This alternative intersection design has the same dimensions as the original bridge and road widths. However, there’s plenty of room to tweak the design to reduce cost, without compromising on safety. The feasibility for this design comes from the removal of the right turn lanes that currently exist on 3 sides of the intersection (all 3 are slated to remain in HDR’s design). These dedicated right turn lanes function essentially as slip lanes for cars, encouraging drivers to keep moving quickly and discouraging them from looking for pedestrians. Even during red lights, right turn lanes can still pose safety challenges to pedestrians with “Right on Red” being allowed by default in Missouri. The only guaranteed way to prevent drivers from making a right on red, is to stop building dedicated right turn lanes. Repurposing these right turn lanes for the protected intersection therefore improves safety not just for cyclists, but also pedestrians and drivers.
If you are unfamiliar with the “protected intersection” concept, the website – protectedintersection.com – has a great video explaining how it works. Essentially, the protected intersection extends the protected bike lane design through the intersection, rather than stopping and starting on each side, leaving only paint in the middle. Cyclists can navigate through the intersection in a similar manner to a roundabout, making left turns possible without ever needing to share space with cars. The City also recently, and fairly quietly, completed its first attempt of a protected intersection at Jefferson & Chouteau. Although the design of the Jefferson & Chouteau one has a few issues and leaves many cyclists confused, my proposed design for Union/Lindell is fully protected on all 4 sides.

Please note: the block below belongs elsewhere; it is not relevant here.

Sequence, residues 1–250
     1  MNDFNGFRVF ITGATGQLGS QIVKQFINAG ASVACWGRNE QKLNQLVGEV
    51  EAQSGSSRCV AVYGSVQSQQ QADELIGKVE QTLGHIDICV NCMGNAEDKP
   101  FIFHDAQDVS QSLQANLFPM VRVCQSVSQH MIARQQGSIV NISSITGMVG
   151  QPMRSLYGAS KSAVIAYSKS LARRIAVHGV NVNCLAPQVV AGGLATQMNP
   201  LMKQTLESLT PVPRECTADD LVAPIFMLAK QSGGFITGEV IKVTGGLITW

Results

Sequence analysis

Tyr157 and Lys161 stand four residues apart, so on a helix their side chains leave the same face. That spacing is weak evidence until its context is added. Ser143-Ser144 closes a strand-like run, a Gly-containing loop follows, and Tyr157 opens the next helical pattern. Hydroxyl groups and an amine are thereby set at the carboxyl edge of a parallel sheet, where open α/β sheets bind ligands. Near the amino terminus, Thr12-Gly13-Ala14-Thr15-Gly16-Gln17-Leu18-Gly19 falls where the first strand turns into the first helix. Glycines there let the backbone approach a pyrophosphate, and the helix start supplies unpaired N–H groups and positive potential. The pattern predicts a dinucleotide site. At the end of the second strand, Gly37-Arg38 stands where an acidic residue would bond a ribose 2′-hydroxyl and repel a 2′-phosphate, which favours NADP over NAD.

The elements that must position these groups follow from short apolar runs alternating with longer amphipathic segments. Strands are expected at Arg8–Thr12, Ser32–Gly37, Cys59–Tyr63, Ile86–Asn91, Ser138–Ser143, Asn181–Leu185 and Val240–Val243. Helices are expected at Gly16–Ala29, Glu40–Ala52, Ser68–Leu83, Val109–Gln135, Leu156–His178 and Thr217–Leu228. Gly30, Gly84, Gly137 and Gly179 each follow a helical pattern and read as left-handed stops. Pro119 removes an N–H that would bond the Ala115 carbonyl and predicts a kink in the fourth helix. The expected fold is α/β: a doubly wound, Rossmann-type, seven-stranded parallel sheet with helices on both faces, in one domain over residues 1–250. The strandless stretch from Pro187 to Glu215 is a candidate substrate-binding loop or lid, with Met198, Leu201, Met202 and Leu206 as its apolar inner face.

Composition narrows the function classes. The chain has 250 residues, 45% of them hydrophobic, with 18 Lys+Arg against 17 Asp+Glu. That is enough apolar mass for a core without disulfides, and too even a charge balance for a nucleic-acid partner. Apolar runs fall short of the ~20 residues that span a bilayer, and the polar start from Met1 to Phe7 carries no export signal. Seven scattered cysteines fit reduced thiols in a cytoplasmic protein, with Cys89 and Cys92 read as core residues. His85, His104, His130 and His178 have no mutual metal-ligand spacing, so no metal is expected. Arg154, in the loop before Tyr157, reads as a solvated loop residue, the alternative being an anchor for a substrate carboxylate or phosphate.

Digging into the details of this alternative design, the bottom of the image shows that the eastbound on-ramp to the Parkway remains exactly the same as today without a signal. This ramp could be removed with little impact to drivers but I kept it in the design for simplicity. In an effort to simplify the intersection, and maximize safety, the westbound off-ramp has been removed.
As for the intersection itself, the above image explains the major points. The design is fairly standard for a protected intersection and incorporates several traffic calming elements, including bump outs, pedestrian refuge islands, truck aprons, and left turn hardening. All of the turning radii here are large enough to accommodate buses and large trucks, but not larger than necessary to maximize the safety of pedestrians and cyclists. For St. Louis this would be a (almost) first of its kind, but for other US cities like Seattle, Salt Lake City, or Fremont, this is now standard practice.
An example from Milwaukee – WISN – Raised bike lanes, concrete islands installed on Milwaukee street meant to slow down traffic
Opportunity To Act
At the moment, HDR is still working with the City and the other sub-consultants to finalize the design. A public open-house to give feedback on the HDR proposal will take place on January 30th, 2024 from 4pm-7pm at the Forest Park Visitors Center, 5595 Grand Drive. According to the City’s website, final design is expected to be complete in the Winter of 2024. There is still plenty of time for HDR to change the design after collecting feedback on January 30th. I encourage everyone that is able to, please attend this public meeting and demand a better design. The open-house style meeting means that the public is free to show up at any time between 4 and 7pm. Anyone is welcome to stay for as long or little as they want. The consultants and city staff will be there to answer questions, and there will likely also be a way to give written feedback.
The design shown here was not created by a licensed Professional Engineer. Additionally, if another online method of providing feedback becomes available, this article will be updated.